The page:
If you’re a regular here you know by now that occasionally I’m hit with bouts of homesickness.
I can talk about it all day – how fleeting a week off can be, how it’s always hard give a straight answer to my gramps when he asks me when I’m coming home again, how comfort can sometimes be a foreign concept here in the city, and how food can never, ever, ever compare to what I have back home.
Of course the last bit is subjective. I’m talking about the inherent “soul” a home-cooked meal has. You’re nodding your head, yeah? Food that the goddesses of my kitchen (my mom, grandma and Mama Eng) have been cooking for years in a way, have steered my palate to where it is now.
Yedy, Eugene and I intended to go to Mall of Kitchens just to gawk but it was unfortunate (and annoying) that they were, strangely enough, closed on weekends. But we figured Eugene knew that already. And the ulterior motive was for us to check out Pat-Pat’s, which apparently serves a mean bowl of kansi.
Kansi is like sinigang with its sour broth, but the meat of choice would be beef instead of pork or fish. Their offering is a great hangover remedy and Eugene swears by that.
It was a familiar sight to behold, arriving at Pat-Pat’s. It was nothing fancy. A few tables and monoblock chairs, electric fans mounted on walls and loud, endearing servers. That kind of fixture will never go out of style in the Philippines. Beyond that, you know that food will never be fancy but will almost always be good and cheap.
Of course we had to order kansi. There were two variants, one served with a big piece of bone with marrow (bulalo), and another with chunks of beef meat (karne). They all came with the same sour broth. It’s not that hard to decide that you need to order both.
The broth was deliciously sour, but not overpowering. It was fruity, flavored with what we will only assume to be kamias. It’s that kind of natural tang that I love in a great soup because in a way, one cup of rice will never be enough for me to enjoy it. “More rice, more fun”, Eugene always says.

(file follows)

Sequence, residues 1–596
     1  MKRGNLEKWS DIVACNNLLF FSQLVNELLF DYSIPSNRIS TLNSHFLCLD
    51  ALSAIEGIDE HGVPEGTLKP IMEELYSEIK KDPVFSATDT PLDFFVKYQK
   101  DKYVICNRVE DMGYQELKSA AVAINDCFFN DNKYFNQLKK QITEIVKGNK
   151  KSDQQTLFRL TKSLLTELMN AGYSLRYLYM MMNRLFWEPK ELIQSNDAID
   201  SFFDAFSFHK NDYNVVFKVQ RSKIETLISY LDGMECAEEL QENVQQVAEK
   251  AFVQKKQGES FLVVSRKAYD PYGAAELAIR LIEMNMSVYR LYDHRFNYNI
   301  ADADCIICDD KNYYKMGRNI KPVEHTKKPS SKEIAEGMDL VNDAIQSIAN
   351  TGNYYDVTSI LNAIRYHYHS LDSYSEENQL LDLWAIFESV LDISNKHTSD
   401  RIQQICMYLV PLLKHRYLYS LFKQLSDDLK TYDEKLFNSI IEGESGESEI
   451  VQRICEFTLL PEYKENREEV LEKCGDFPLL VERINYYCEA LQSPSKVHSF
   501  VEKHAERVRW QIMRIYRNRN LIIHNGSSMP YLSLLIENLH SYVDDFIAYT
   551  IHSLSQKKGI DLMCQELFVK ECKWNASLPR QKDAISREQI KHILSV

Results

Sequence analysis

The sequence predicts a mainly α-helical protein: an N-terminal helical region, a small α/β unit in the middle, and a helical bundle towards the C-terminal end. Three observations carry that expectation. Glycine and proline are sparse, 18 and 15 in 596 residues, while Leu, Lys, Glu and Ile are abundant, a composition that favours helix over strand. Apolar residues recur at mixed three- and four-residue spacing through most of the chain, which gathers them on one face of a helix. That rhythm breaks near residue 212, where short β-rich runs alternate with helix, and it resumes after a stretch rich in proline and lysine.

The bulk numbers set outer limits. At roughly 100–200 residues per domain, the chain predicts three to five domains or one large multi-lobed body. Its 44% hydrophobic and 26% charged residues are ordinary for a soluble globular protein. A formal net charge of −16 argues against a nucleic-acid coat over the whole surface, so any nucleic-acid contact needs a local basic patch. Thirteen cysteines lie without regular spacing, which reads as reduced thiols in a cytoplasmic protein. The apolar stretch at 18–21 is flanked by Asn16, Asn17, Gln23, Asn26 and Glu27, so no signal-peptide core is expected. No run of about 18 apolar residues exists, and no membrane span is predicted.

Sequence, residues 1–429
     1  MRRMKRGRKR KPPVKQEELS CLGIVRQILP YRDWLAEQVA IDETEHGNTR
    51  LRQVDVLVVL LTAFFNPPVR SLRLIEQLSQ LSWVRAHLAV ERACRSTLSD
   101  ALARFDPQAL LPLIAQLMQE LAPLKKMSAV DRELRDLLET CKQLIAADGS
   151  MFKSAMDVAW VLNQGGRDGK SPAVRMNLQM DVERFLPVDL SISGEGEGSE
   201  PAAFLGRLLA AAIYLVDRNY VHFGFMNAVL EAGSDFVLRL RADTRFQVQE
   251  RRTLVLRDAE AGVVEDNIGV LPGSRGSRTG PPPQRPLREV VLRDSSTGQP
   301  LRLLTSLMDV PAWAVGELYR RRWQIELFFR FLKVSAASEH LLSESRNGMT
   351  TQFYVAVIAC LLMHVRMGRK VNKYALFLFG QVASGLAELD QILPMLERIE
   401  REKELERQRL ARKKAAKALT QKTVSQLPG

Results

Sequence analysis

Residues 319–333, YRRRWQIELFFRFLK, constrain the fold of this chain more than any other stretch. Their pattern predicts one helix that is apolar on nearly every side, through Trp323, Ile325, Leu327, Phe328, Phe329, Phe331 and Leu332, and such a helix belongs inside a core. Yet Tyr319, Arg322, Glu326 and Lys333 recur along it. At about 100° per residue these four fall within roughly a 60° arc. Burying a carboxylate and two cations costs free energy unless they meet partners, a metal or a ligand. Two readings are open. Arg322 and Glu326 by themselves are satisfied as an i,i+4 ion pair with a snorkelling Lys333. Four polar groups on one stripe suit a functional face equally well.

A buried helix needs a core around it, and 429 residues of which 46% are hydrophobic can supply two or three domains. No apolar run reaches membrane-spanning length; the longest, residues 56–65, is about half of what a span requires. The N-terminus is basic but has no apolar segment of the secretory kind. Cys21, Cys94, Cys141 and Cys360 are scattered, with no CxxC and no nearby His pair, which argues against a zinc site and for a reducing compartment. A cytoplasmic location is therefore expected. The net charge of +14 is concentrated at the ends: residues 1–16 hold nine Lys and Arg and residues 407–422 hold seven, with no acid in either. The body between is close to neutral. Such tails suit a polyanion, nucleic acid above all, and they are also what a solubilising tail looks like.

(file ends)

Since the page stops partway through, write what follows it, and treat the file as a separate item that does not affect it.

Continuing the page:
Now it was time to handle the marrow. It came intact with the whole bone still encased around it. Of course they had to give us a barbecue stick to take it out. It was a challenge, because in a way it felt like a race against time. Marrow is just golden ambrosia made entirely of fat, and when it gets cold it really isn’t palatable anymore. But I prevailed!
What I did was scoop a spoonful of the marrow and mixed it together with a generous drizzle of soup over the little mound of rice. It was time to dig in. The verdict?
It was perfect. I was, in a word, home.
I then added a piece of the beef to the mixture but at that point everything else was just a frill. Delicious, mouth-watering frills.
I thought my night couldn’t get any better. Then coconut water came, and was served to me right out of the shell, very cold to boot. I know I’m getting too emotionally descriptive but if there’s one thing that reminds me of home, it’s drinking ice-cold coconut water. I drink it more than water. It was unadulterated, cold and cleansing. The way coconut water should always be.
It’s natural for us to associate carinderias with good food. 97% of the time, that’s actually true. But there are a few places that raise the bar in their unassuming glory. These aren’t just carinderias but institutions.
The food isn’t snooty. It is as real as the earth, and as steadfast as tradition. It’s not farfetched to imagine that it has been imbibed with the charm and soul of those who man our family kitchens with gusto and love. And because of that, even their humblest soup fills the soul, ignites the bones and of course, brings us home.